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The New Social Worker is the quarterly magazine for social work students and recent graduates, focusing on social work careers for those new to the profession. This blog is a companion to the free online magazine at http://www.socialworker.com.

Tuesday, November 24, 2009

"Goosebumps" While Waiting

TODAY WAS MY LAST DAY OF FIELD PRACTICUM for this semester. For the better part of the day, it was fairly uneventful. I tidied up the office since I won't return until January, and I called a medical collateral contact. My field instructor gave me my final evaluation, and that was about it.

At about 4:45, I walked down the hall to say good-bye to an employee who has been so helpful and supportive for the last 15 weeks of my practicum. Something (someone) caught my eye as I was standing in her doorway. I turned to see two young children sitting outside a nearby cubicle. One of the kids had her head buried in a book, and the smaller of the two kept glancing in my direction. I asked the worker who they were and what they were doing. When she shrugged her shoulders indicating that she didn't know, I said, "I think I'll say hello."

As it turned out, the two children had arrived at the agency for a visitation with their parents who were supposed to have been there at 3:30 p.m. It was almost 5 p.m. The elder sibling kept her head in her book -- one of a series of "Goosebumps" readers for young people.

"What are you doing?" I inquired, with a smile.

"Waiting for our parents," said the youngest child, who seemed eager to engage.

"Where are they?" I asked.

She shrugged and said something about her Mom being at home and her Dad at the shelter. The older child, whose eyes never left the page, said, "You don't know that." The youngest child proceeded to explain that Dad was in a men's-only facility, so she was pretty sure it was a shelter. They were 7 and 11 -- going on 25 and 27.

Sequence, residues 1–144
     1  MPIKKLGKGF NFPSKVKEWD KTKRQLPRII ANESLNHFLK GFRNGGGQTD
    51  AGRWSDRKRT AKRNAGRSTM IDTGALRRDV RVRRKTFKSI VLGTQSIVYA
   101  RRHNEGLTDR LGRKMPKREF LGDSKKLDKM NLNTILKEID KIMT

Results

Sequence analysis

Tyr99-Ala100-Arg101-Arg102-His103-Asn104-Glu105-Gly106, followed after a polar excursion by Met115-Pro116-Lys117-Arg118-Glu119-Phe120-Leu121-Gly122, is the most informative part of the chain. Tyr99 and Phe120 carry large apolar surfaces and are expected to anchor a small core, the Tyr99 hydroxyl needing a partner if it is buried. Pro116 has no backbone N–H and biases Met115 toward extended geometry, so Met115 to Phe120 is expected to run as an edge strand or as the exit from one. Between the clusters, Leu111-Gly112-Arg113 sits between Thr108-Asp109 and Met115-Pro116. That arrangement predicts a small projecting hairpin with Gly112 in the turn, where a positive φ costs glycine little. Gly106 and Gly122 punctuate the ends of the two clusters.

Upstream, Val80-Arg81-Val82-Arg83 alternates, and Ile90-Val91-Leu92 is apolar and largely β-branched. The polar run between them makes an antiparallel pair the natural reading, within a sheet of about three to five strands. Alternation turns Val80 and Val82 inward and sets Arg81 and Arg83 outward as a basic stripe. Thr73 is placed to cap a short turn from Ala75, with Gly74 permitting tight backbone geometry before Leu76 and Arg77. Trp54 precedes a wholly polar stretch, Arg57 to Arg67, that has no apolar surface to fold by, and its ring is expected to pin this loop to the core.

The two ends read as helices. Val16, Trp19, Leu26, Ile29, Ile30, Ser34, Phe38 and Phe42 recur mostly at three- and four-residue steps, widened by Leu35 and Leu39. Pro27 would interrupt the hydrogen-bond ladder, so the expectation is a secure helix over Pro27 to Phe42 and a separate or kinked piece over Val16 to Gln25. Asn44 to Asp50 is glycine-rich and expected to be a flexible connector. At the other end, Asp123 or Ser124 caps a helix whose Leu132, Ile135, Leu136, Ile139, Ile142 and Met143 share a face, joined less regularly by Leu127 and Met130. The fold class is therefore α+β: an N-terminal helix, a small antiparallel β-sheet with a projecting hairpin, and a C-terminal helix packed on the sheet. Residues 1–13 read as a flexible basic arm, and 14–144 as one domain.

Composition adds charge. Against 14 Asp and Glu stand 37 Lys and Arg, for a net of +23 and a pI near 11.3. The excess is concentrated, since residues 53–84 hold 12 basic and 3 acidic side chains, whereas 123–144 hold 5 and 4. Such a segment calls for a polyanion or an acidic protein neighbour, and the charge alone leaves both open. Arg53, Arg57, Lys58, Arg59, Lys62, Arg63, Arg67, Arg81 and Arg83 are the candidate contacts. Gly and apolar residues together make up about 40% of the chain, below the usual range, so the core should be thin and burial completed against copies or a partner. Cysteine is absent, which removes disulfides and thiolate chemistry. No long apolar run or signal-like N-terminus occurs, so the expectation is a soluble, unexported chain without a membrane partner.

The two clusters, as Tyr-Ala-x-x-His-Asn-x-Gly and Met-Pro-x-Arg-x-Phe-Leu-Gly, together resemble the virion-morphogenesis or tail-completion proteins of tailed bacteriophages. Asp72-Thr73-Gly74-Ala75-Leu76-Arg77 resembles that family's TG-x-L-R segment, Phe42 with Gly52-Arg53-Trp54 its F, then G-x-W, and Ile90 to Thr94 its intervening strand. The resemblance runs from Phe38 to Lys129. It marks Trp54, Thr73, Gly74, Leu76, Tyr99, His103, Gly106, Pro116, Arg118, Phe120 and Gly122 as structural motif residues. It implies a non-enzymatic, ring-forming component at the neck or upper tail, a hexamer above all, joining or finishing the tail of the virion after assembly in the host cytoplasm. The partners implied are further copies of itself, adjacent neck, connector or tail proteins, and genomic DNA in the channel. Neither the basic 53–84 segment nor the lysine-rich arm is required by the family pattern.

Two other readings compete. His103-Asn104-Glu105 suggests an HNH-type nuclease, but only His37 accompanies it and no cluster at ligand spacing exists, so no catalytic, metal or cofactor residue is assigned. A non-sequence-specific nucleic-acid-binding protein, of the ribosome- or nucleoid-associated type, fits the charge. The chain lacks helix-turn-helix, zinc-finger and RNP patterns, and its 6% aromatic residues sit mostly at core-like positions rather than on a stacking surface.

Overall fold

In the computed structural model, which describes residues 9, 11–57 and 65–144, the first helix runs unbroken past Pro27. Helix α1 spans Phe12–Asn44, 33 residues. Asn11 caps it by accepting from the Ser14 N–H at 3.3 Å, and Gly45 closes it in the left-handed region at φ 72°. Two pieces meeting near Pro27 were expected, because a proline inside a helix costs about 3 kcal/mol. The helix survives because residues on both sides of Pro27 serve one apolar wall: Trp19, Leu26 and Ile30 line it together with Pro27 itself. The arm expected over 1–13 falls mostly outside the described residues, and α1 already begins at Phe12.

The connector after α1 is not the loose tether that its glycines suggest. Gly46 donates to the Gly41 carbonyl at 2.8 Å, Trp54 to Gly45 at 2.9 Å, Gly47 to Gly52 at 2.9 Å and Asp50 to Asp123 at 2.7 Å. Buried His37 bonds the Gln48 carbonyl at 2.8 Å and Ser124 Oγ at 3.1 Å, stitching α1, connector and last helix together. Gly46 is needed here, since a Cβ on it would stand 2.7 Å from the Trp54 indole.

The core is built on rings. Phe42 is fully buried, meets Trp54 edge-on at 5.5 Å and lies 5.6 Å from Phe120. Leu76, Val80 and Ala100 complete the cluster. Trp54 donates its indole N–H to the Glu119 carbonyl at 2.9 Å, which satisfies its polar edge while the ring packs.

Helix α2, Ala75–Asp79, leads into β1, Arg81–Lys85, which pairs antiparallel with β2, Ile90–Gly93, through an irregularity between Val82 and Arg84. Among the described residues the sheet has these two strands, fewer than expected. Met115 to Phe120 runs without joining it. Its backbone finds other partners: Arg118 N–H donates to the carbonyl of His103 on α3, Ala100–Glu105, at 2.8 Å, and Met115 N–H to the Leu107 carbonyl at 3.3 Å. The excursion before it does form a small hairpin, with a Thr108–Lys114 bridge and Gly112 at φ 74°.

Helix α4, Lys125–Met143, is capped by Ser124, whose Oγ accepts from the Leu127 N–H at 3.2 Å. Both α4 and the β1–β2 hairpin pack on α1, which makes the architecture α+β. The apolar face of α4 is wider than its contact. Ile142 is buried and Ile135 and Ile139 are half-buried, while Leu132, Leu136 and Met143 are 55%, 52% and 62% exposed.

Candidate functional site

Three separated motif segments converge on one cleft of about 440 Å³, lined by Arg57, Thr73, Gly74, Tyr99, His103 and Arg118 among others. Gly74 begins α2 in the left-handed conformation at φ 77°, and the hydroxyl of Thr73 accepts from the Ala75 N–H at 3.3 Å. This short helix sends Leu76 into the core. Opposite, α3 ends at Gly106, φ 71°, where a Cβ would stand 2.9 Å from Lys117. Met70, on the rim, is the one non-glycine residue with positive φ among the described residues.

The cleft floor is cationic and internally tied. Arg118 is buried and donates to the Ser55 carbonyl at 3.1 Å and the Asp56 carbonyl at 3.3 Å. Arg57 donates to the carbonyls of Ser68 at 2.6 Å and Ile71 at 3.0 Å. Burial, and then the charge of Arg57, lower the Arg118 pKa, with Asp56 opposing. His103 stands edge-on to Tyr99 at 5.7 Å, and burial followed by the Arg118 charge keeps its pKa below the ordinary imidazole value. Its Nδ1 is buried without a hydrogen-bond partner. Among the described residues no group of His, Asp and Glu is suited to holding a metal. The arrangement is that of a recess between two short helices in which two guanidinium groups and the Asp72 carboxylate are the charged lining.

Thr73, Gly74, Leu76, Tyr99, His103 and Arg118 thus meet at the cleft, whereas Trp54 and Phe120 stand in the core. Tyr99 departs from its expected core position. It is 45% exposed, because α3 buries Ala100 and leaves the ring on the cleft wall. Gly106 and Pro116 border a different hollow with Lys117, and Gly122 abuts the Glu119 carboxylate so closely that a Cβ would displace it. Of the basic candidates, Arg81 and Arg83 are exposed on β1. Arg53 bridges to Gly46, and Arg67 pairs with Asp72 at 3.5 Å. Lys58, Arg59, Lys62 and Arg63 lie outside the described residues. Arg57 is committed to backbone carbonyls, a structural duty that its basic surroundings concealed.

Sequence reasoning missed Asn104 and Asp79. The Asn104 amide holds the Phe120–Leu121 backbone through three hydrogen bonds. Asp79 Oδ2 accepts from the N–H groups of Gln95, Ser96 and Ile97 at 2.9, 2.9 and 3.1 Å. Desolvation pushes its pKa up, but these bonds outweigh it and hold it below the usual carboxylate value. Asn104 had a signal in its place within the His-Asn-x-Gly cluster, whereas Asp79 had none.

My heart was breaking. Here it was, a couple of days before Thanksgiving, and this would be the last chance they might see their parents before the holiday.

"I wish I had some Checkers so you could have played a game while you were waiting," I offered. "I'll have to bring a game to the office...," my words trailed off.

I decided to stay late and keep them company while they waited for a worker to drive them back to the foster home that they shared with several other children. I listened, and learned that the younger sister felt like one of the kids who they lived with wasn't very nice. I praised them for the good behavior they exhibited while they waited an hour and a half for parents who never came.

"How disappointing it must feel," I'd said to the younger girl when she told me the story, and, "I am sorry they didn't come."

The older child never looked up from her "Goosebumps" storybook.

When I left the building, I no longer felt as buoyed by the promise of a month of vacation. I felt sad. And, I felt passionate about returning to the child welfare agency when vacation is over. There is so much work to be done and so many children we need to serve.

~Ms. T. J.


  1. Oh TJ, that is so sad. It's good you are where you are, we're all lucky for that.

  2. Ugh - missed visits were absolutely some of the hardest moments with children in foster care. Sounds like you really have a heart for the work.

  3. That is so, so sad. Good for you for offering them your presence, even when your mind was on the way out the door. Sometimes that's all we have to give.